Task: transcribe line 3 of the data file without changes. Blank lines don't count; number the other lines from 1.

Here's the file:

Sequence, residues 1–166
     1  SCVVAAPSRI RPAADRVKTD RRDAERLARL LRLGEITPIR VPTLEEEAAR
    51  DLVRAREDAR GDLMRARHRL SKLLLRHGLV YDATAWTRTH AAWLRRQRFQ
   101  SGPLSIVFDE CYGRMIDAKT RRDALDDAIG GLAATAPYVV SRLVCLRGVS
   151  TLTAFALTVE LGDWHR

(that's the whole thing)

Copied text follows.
    51  DLVRAREDAR GDLMRARHRL SKLLLRHGLV YDATAWTRTH AAWLRRQRFQ